A Philippine Daily Inquirer report quoted Enrile, who said, "Why the complete turnaround from his earlier boast that he is always ready to appear at the Senate? His refusal to appear again, especially after dragging the names of other private individuals into the controversy, shows his cowardice and inability to substantiate his accusations? It does not bode well for his earlier testimonies before the Senate, which to me were nebulous to say the least."
Unfortunately (or fortunately), De Venecia didn’t respond to Enrile’s scathing words.
JPE’s relationship with then-First Lady Imelda Marcos was very complicated.
6. Juan Ponce Enrile vs. Imelda Marcos
In his memoir, Enrile naturally discussed many of the events that transpired during the 20-year rule of President Ferdinand Marcos. He depicted Marcos’ wife, Imelda, as a meddlesome, mecurial, and, at times, a mean individual.
An ABS-CBNNews.com article noted: "Enrile [depicted] Mr. Marcos as almost saintly, compared to how he described former First Lady Imelda Marcos. An example is Enrile’s account of how Imelda supposedly made top security officials wear skirts, bras, and dance the hula after the declaration of martial law." The report added: "For Enrile, the scene was ’pathetic, ridiculous and disgusting.’ He said he could not comprehend how top military officials could be made the object of a joke by Imelda." Enrile had written: "It seemed to me that the First Lady wanted to impress her guests that she was that powerful-that even under martial law, everyone, including the generals of the military, would kowtow to her whims."
Enrile, of course, later broke away from the Marcoses. He became one of the key players of the phenomenon that unseated them-the 1986 EDSA People Power Revolution. Ironically, when his memoir was launched, Imelda was in attendance.
In 1986, Cardinal Jaime Sin asked the public to support JPE and Fidel V. Ramos.
5. Juan Ponce Enrile vs. Cardinal Jaime Sin
Enrile revealed that he had a beef with the late Cardinal Jaime Sin, whom he accused of lying about what happened during the 1986 EDSA People Power Revolution. In the book People Power-The Revolution of 1986, Sin was quoted as claiming that Enrile’s wife, Cristina, had called him and asked him to help her husband. Then, Sin added that Enrile himself called him and said in a "trembling" voice, "Cardinal, I will be dead in one hour. I don’t want to die. But if it’s possible, do something. I’d still like to live." Both Enrile and his wife denied making the calls or saying those things to Sin during that time.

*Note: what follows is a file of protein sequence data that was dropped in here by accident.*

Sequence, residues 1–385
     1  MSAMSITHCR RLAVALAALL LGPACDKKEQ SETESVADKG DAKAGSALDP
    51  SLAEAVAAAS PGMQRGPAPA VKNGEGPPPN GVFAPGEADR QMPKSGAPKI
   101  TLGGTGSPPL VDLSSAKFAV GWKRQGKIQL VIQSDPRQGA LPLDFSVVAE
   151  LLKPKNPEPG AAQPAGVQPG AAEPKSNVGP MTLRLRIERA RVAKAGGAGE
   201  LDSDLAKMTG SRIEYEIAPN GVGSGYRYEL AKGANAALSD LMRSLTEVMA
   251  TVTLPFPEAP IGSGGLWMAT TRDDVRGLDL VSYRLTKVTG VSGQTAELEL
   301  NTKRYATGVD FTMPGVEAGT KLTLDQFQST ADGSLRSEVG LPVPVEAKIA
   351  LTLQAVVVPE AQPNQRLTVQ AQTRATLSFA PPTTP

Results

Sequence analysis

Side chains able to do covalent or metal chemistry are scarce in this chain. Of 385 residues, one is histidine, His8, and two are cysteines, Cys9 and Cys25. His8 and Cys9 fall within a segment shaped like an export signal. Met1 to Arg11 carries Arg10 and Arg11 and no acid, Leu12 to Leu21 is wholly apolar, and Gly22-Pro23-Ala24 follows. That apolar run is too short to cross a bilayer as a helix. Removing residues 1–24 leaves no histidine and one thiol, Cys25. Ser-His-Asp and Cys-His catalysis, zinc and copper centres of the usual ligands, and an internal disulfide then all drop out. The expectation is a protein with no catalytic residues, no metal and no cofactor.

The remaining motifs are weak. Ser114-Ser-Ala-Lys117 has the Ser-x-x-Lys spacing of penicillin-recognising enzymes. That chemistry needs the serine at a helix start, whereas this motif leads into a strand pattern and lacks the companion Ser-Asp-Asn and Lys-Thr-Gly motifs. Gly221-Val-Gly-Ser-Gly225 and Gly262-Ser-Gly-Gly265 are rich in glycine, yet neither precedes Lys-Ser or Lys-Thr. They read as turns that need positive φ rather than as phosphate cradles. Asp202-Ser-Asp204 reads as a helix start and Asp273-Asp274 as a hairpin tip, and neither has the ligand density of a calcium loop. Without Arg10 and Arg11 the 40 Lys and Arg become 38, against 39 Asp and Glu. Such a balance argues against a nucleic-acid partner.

Enrile had gotten in touch with the book’s publisher, The James B. Reuter, S.J. Foundation and had asked them to make the correction. Enrile related that Father Reuter himself was embarrassed by the gaffe and wrote a letter of apology to him and his wife. Enrile still didn’t pull any punches when he pointed out: "Everyone just took for granted that Jaime Cardinal Sin, the Prince of the Holy Catholic Church, was not capable of distorting the truth-that he would tell the whole truth and nothing but the truth."
Senator Miriam Defensor Santiago has said some harsh words about JPE.
4. Juan Ponce Enrile vs. Miriam Defensor Santiago
In January this year, controversy erupted when it was revealed that JPE had distributed the Senate’s savings among the rest of the senators. He had reportedly given ₱1.6 million to each of 18 "nice" senators and ₱250,000 to their four "naughty" colleagues. The ones of the so-called "nice" list were supposedly his allies, while the ones on the "naughty" list were those who had allegedly irked him in some way. Senator Miriam Defensor Santiago was on the "naughty" list. Santiago had revealed that she supposed that she was part of the "naughty" list because she had supported the RH Bill. Enrile is against it.
According to a Philippine Daily Inquirer report, Santiago lambasted Enrile for his distribution of the Senate funds in a dzBB interview. Santiago brought up what she thought were Enrile’s past sins against the nation-which included his involvement in the implementation or martial law, his coup attempts against President Corazon Aquino after the ouster of Marcos in the 1986 Edsa People Power Revolution. Santiago even questioned Enrile’s wealth. "(He) should now answer for the crime of plunder. Why is he that wealthy? He should answer for the crime of causing what the Spanish call desaparecidos. He should be held accountable for that," she had raged in the radio interview.
For the record, the Commission on Audit (COA) saw nothing wrong with Enrile’s distribution of the Senate savings. However, this certainly didn’t stop the senators who were presumably not on his good side from accusing him of malicious intent. Santiago gave back the P250,000 that had been given to her office. Then again, she also revealed that Enrile had also returned the biscuits she had sent him for Christmas.
Enrile responded to Santiago’s accusations by also bringing up the fact that she had worked for the late Ambassador Kokoy Romualdez, brother of former First Lady Imelda Marcos. Then he quipped, "I will probably not reply to what she said. We will just let the public decide who is right."